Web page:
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Inciting or causing people to rebel against the authority of a state or monarch:‘the letter was declared seditious’
rabble-rousing, inciting, agitating, fomenting, troublemaking, provocative, inflammatoryrevolutionary, rebellious, insurrectionist, mutinous, insurgent, subversive, insubordinate, civil disobedience, dissident, defiant, disloyal, treasonousView synonyms
- ‘These were seen by authorities as very partial, untrue, seditious, and savouring too much of dangerous and traitorous conceits.’
- ‘‘They're thinking of using the treason laws against seditious clerics,’ I said over breakfast last Monday, catching up with the news.’
- ‘For example, the crime of ‘possession of seditious publications’ was deleted, but ‘dealing with seditious publications’ would still be a crime.’
- ‘He played the song incessantly, ignoring my pleas for mercy and grannyish objections to its author's seditious intent.’
- ‘He described Thomas Paine as a traitor to his country, a wicked, malicious, seditious and ill-disposed individual, who had actively supported both the American and the French Revolutions.’
- ‘Sometimes the humble person who has helped a disguised king fears the worst when the latter's identity is revealed - has he behaved disrespectfully, or said anything seditious or incriminating?’
- ‘The authorities clamped down on seditious behaviour.’
- ‘These are exciting, radical, almost seditious ideas in this conservative country.’
- ‘In the name of press freedom and nationalism we deliberately wrote seditious and criminally libellous articles against colonial governments.’
- ‘Most of the members of that organization, now declared seditious and outlawed, left the state as fast as they could.’
- ‘John had reached the age, however, at which he began to question authority - not in the treasonous, seditious way Aaron and Andrew once had, but in a more innocent, juvenile way.’
- ‘The legislation declares that publications will only be considered seditious when there is ‘an intention to incite others’ to commit treason, subversion or secession.’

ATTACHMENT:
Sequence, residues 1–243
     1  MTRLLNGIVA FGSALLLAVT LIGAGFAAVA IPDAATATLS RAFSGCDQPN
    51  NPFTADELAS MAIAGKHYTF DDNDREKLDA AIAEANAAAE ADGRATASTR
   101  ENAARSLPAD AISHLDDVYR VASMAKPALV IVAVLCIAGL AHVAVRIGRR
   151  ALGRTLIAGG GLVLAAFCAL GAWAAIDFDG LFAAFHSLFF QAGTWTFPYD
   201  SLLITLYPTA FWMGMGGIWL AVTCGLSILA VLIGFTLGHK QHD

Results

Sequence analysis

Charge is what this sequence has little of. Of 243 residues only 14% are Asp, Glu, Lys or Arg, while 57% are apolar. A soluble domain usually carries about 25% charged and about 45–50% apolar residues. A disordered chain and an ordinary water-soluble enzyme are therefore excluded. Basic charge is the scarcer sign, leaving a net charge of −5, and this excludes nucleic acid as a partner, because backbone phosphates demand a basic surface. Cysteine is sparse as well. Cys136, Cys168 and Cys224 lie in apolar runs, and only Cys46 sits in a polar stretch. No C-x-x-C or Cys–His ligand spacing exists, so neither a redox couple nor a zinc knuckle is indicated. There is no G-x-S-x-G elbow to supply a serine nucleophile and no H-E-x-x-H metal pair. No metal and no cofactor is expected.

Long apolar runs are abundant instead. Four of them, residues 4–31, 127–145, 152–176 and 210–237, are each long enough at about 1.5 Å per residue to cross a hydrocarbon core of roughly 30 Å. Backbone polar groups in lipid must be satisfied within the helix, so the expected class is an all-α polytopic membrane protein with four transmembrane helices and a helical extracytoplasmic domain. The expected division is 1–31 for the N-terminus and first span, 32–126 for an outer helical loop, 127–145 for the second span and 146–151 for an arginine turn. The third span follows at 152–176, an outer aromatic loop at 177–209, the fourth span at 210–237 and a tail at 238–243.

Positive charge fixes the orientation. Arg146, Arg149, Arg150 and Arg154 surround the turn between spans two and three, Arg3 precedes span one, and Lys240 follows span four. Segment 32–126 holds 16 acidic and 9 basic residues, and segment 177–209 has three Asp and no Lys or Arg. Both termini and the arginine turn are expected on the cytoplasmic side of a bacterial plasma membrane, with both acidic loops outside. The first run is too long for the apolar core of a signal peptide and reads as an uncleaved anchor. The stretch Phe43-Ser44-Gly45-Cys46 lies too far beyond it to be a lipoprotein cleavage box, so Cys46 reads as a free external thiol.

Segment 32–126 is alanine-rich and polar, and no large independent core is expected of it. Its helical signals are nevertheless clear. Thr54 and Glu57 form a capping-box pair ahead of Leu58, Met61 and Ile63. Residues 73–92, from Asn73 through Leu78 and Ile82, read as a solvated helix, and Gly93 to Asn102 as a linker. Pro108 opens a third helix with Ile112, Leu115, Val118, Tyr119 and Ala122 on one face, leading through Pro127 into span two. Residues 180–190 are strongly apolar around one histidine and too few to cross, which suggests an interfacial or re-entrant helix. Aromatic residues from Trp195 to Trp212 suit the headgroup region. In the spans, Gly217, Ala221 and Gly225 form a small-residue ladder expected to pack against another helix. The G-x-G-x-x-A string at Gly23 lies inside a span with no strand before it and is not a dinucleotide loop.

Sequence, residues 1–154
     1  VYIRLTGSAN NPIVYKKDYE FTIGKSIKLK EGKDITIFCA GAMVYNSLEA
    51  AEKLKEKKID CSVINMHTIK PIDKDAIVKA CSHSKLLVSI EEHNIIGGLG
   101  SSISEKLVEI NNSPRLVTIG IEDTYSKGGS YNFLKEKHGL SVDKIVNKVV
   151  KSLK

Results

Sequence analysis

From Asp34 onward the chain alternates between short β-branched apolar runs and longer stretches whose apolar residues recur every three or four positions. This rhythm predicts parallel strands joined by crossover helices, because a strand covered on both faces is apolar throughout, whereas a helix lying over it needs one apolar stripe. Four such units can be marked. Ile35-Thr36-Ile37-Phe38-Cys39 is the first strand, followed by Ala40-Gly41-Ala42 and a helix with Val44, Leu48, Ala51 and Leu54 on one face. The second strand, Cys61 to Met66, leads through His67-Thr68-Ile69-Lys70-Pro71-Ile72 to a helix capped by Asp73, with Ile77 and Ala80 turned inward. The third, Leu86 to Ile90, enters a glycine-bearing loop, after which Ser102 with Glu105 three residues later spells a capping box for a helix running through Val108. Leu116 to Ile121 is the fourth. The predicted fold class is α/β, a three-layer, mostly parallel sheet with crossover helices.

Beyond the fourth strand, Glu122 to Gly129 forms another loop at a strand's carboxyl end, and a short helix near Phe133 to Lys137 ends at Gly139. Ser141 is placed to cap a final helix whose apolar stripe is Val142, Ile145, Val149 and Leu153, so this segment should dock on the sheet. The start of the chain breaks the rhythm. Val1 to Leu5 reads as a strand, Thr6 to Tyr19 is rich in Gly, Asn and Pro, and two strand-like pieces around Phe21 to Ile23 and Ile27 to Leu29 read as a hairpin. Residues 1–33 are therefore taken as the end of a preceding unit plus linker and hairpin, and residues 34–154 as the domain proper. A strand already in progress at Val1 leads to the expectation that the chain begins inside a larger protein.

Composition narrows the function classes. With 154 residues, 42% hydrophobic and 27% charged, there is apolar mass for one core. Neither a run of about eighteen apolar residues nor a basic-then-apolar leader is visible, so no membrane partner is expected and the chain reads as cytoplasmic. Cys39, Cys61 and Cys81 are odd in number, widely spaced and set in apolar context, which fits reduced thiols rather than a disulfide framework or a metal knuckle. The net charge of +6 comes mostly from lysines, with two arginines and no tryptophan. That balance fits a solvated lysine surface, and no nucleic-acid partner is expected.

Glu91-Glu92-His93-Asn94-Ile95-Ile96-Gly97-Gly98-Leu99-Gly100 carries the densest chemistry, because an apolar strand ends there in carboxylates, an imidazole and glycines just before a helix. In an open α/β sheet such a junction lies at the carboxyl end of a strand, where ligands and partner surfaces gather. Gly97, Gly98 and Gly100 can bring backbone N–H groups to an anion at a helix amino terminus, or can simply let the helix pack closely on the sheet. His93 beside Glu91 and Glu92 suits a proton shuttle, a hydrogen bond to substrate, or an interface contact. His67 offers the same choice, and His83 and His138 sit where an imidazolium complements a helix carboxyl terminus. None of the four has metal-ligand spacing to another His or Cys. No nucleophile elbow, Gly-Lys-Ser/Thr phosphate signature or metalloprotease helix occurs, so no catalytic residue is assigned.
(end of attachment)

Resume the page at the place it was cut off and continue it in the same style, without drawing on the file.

- ‘Twelve leaders were framed in 1916 on a charge of seditious conspiracy as a result of their campaign of direct action against the war effort.’
- ‘All nineteen of the company's editorial computers were taken by police following a complaint from the youth wing of the ruling political party that a letter published by the news service was seditious and could incite racial hatred.’
- ‘Individuals are being arrested and detained for lengthy periods, often without trial, for disseminating information judged to be seditious via the Internet.’
- ‘The laws of libel needed no reinforcement and proceedings for seditious or criminal libel should be used sparingly.’
- ‘The question in pluralist systems is whether or not potentially seditious individuals can be taken under surveillance or arrested without violating civil liberties and undermining the rule of law.’
- ‘The seditious spirit of the colonies owes its birth to the factions in this House.’
- ‘It is more likely that the articles embodied the intent of serving as parameters against seditious speech aimed at inciting action to illegally overthrow a government.’
- ‘Can denunciations of the cosmopolitans who corrupt our youth with seditious ideas be far behind?’
Late Middle English: from Old French seditieux or Latin seditiosus, from seditio mutinous separation (see sedition).
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